Q&A – Ask Neil: June 27, 2024

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June 20, 2024 Q&A

June 13, 2024 Q&A

June 6, 2024 Q&A

May 30, 2024 Q&A – Part 1

May 30, 2024 Q&A – Part 2

May 23, 2024 Q&A

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Question: I planted this Texas mountain laurel several years ago in a hot, sunny median garden. It produced this odd bloom and seed pods. What caused this? Rachel K., Dallas.

Answer: This is “fasciation.” That’s when cells divide prolifically in only two planes. It’s not common, but certainly not unheard of with Texas mountain laurels. You may already know a plant that is quite familiar for this unusual growth form: cockscomb celosia. I’ve included a photo of it as well as a wildflower bluebonnet to show you that it does happen elsewhere in nature. There also are types of cacti and succulents that are propagated to encourage this growth. In the case of mountain laurels, you just want to trim it out by cutting back into normal growth. It’s a mutation that you don’t want to encourage.

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Question: I came home last week to find this on the trunks of two of my lacebark elms. What is it? Meg R., Trophy Club.

Answer: I assume you’re asking about the dark discoloration. It appears to be coming out of cracks in the trunks. Damage like that could have been due to extreme cold in recent winters, even three years ago in February 2021. I’m noticing a lot of damaged lacebark elms in McKinney and North Dallas where my wife and I drive a good bit. When you have a tree with such an injury, it’s not uncommon for decay to set in within the depths of the injury. That can weaken the tree severely. That’s when it’s time to call in a certified arborist to do whatever can be done to stabilize the tree.

Question: What is this low-growing weed in my bermudagrass? Most importantly, how can I get rid of it? Judy W., Pottsboro.

Answer: It looks like purslane. If the leaves and stems are fairly succulent, that would be it. The exact ID isn’t critical, however. It obviously is not a grass, so a broadleafed weedkiller would control it. Get one of the products that includes 2,4-D and apply it with a tank sprayer (as opposed to a hose-end type). As hot and dry as it’s getting you may have to spray a couple of times 10 days apart.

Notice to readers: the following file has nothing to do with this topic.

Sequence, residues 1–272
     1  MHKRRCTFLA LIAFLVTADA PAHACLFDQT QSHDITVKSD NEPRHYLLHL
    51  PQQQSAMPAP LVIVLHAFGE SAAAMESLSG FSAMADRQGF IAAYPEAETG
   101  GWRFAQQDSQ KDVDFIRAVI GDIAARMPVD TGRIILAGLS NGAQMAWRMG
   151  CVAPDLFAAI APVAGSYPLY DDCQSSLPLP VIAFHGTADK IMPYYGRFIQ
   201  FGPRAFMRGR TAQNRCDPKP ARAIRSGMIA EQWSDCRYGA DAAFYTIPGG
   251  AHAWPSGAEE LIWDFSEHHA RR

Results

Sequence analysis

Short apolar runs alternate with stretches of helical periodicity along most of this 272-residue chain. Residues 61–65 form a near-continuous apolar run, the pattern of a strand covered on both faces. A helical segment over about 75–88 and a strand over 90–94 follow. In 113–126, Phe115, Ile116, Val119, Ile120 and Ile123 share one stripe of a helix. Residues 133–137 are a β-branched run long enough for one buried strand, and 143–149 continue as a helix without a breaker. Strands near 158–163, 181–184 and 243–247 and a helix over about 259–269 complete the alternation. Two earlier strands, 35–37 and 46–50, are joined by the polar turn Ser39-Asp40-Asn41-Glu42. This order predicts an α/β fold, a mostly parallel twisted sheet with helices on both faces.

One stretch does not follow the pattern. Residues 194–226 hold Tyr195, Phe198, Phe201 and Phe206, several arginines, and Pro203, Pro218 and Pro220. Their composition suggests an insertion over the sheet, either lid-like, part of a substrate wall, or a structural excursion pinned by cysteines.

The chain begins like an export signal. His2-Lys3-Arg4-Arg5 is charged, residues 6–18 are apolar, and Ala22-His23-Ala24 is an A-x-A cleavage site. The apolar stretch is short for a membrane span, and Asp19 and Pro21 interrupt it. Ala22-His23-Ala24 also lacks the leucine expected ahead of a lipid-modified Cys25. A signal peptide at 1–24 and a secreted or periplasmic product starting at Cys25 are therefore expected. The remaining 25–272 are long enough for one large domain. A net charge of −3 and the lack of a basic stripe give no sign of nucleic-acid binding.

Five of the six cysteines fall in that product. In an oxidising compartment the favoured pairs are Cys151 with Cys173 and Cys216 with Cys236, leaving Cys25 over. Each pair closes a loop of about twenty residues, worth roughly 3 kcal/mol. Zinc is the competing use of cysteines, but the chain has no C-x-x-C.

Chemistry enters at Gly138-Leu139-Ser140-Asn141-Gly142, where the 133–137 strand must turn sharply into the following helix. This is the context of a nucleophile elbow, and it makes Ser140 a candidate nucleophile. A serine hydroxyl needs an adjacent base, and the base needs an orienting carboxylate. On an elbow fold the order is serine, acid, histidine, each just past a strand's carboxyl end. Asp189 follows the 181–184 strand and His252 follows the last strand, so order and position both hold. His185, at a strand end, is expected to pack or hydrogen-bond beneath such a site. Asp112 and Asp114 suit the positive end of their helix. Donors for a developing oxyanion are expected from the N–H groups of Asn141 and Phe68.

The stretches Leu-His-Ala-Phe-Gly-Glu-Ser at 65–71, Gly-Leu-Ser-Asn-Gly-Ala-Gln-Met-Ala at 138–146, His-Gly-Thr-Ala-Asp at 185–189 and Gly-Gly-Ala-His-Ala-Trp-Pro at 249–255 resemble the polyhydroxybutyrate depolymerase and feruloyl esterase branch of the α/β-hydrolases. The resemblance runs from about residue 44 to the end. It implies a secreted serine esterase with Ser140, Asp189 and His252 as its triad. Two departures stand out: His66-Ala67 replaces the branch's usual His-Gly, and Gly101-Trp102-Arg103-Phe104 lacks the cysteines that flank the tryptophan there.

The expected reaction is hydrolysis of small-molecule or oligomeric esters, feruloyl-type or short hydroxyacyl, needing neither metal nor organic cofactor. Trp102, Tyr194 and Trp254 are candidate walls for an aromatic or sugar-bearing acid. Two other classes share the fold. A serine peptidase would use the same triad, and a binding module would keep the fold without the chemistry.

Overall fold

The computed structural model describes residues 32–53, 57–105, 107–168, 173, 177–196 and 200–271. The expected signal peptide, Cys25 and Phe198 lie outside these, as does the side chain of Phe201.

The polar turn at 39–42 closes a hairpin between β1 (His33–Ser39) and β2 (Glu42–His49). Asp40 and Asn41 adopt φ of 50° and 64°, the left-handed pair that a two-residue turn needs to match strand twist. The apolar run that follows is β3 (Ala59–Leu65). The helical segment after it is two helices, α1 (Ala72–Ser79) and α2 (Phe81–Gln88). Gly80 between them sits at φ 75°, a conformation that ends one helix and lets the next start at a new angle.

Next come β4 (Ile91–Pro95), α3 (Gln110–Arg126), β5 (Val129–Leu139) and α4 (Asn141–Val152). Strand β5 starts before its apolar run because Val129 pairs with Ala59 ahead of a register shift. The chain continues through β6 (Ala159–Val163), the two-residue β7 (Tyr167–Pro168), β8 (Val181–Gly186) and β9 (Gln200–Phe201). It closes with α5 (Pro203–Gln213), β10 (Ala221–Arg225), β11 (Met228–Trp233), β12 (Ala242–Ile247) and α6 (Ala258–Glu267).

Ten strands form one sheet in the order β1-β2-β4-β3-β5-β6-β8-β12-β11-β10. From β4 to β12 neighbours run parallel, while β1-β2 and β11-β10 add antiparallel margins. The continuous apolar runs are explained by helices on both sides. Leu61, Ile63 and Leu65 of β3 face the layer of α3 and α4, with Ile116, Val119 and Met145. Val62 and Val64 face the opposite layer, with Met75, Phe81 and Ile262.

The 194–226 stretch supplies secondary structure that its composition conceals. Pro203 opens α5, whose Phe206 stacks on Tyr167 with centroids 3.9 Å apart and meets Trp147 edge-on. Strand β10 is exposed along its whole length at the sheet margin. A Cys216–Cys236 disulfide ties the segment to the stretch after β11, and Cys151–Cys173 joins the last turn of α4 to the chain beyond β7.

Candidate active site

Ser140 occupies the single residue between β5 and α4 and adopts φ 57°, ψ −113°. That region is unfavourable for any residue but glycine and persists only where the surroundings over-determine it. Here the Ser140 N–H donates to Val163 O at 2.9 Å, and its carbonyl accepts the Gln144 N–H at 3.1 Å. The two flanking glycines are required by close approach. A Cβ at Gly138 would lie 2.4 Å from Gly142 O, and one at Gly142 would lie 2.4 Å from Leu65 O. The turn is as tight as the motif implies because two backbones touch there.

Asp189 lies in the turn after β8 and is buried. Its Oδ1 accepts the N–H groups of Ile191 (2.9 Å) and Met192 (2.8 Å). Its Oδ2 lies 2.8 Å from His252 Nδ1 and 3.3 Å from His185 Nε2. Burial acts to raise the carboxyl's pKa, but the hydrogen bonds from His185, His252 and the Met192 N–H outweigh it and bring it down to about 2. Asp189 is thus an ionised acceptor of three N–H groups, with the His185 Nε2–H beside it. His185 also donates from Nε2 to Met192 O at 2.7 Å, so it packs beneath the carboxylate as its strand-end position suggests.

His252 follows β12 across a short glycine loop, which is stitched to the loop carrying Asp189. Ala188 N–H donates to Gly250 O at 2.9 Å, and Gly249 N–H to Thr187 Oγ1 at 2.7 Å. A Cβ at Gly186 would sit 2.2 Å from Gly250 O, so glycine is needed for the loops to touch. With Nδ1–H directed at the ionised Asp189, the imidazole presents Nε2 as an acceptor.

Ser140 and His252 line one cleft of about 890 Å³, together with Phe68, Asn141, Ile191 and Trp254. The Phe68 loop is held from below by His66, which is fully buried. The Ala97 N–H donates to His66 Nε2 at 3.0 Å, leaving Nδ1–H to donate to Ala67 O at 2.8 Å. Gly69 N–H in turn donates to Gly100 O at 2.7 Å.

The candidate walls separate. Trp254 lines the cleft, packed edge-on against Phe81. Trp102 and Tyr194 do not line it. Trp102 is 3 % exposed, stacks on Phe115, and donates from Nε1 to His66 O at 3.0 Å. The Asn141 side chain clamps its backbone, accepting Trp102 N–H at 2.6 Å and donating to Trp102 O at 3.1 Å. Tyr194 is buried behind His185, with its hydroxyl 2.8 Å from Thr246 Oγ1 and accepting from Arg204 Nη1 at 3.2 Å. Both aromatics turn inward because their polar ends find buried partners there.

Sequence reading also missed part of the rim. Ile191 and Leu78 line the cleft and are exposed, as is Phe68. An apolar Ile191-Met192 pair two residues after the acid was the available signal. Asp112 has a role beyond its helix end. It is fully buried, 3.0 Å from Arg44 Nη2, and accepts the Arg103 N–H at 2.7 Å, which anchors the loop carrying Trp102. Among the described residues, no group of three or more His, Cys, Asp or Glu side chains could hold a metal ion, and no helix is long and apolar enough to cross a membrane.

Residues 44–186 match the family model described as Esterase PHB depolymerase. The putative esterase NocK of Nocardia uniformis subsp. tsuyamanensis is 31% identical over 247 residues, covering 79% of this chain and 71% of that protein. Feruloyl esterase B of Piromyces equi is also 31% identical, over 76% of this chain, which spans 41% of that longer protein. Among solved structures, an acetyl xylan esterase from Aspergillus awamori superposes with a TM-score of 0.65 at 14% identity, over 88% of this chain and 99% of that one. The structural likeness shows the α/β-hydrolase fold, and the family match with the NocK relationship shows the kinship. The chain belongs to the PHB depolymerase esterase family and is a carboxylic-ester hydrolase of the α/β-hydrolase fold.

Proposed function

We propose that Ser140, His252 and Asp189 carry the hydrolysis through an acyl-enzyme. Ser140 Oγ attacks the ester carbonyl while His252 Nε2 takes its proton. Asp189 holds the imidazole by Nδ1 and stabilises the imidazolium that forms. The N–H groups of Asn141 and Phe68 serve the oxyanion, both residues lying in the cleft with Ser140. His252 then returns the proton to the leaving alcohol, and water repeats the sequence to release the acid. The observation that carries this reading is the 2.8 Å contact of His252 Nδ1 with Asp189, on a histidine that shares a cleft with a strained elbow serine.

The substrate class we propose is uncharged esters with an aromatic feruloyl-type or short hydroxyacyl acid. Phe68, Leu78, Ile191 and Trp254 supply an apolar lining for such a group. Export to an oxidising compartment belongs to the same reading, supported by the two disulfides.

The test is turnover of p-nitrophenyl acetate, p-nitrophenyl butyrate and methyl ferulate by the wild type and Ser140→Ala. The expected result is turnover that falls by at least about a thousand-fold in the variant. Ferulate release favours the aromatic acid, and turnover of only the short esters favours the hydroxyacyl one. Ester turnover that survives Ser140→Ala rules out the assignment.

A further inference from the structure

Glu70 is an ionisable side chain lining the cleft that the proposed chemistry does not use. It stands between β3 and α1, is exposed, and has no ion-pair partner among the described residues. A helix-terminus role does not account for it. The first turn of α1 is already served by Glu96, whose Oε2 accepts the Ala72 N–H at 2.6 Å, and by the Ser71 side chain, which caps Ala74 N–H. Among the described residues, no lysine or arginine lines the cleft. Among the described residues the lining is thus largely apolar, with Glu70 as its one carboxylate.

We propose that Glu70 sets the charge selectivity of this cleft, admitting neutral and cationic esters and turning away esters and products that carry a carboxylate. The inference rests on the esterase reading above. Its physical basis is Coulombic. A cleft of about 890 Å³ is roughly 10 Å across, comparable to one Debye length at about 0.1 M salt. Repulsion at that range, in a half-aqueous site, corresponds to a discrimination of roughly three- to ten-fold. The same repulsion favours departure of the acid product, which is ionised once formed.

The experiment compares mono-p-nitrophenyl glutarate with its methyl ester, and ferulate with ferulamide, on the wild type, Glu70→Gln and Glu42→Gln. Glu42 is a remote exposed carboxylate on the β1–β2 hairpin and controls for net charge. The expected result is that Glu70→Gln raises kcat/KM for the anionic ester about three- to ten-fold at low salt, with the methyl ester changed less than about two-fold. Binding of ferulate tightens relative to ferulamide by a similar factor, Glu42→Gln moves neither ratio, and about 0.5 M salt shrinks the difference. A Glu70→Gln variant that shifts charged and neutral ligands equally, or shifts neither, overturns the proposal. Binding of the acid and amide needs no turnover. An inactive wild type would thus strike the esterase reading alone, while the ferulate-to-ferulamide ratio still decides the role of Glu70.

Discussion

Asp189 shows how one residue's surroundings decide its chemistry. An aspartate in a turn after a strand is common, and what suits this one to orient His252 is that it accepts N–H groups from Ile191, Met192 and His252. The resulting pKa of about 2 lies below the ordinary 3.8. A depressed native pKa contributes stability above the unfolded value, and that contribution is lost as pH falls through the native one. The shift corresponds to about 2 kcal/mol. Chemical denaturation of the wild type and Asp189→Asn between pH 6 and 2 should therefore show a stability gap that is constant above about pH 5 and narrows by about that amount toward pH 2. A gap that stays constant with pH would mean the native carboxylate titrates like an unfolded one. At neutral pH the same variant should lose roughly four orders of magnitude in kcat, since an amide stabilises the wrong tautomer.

Question: My neighbor has a 25-year-old Monterey oak. It has this darkening on one side. The other side bubbles when it rains. What is the possible problem, and is there a solution? Cindy P., San Antonio.

Answer: At the risk of sounding like a broken record, this is similar to the answer I gave to the lacebark elm question above. Your neighbor’s tree was almost assuredly hurt in the cold of February 2021. Monterey oaks all across South and South Central Texas were ravaged by that cold spell. There is decay going on within the trunk of this tree currently, and that accounts for the black ooze in the photo. The bubbles are from gasses that form under the pressure of decay processes that occur within the wood as it breaks down. Again, your neighbor needs to call on the help of a certified arborist as quickly as possible.

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Question: What is going on with my Texas sages? Some look like this. Others look normal. Toni L., Plano.

Answer: The past three winters have taken a real toll on Texas sages in North Central Texas. February 2021 killed most of them to the ground. Then two winters since then have weakened new plants and those that survived. There is a long planting along US75 that my wife and I pass several times a week. Some look fine. Many look like your plants. Others are almost dead. It’s all due to cold damage. This plant is native to Southwest Texas where temperatures seldom go below 20F. Your city has been below 0F one time and near or below 10F twice in the past three winters. That, coupled with your very heavy Blackland Prairie soils and almost non-stop heavy rains this spring added up to a lot of Texas sage failures this spring.

Question: My dwarf yaupon holly leaves have reddish leaves. Is this an issue? If so, what should I do? Paula L., Carrollton.

Answer: That purplish color is common with several hollies in the spring. It’s no cause for concern. I would be fertilizing dwarf yaupons every two months with a high-nitrogen lawn fertilizer followed by a deep watering. Otherwise, I see no need for anything else. Your planting looks terrific. Congratulations, by the way, on using the water bubbler for your hand irrigation. They’re incredibly handy for putting out large amounts of water in a hurry without washing the soil away.

Posted by Neil Sperry
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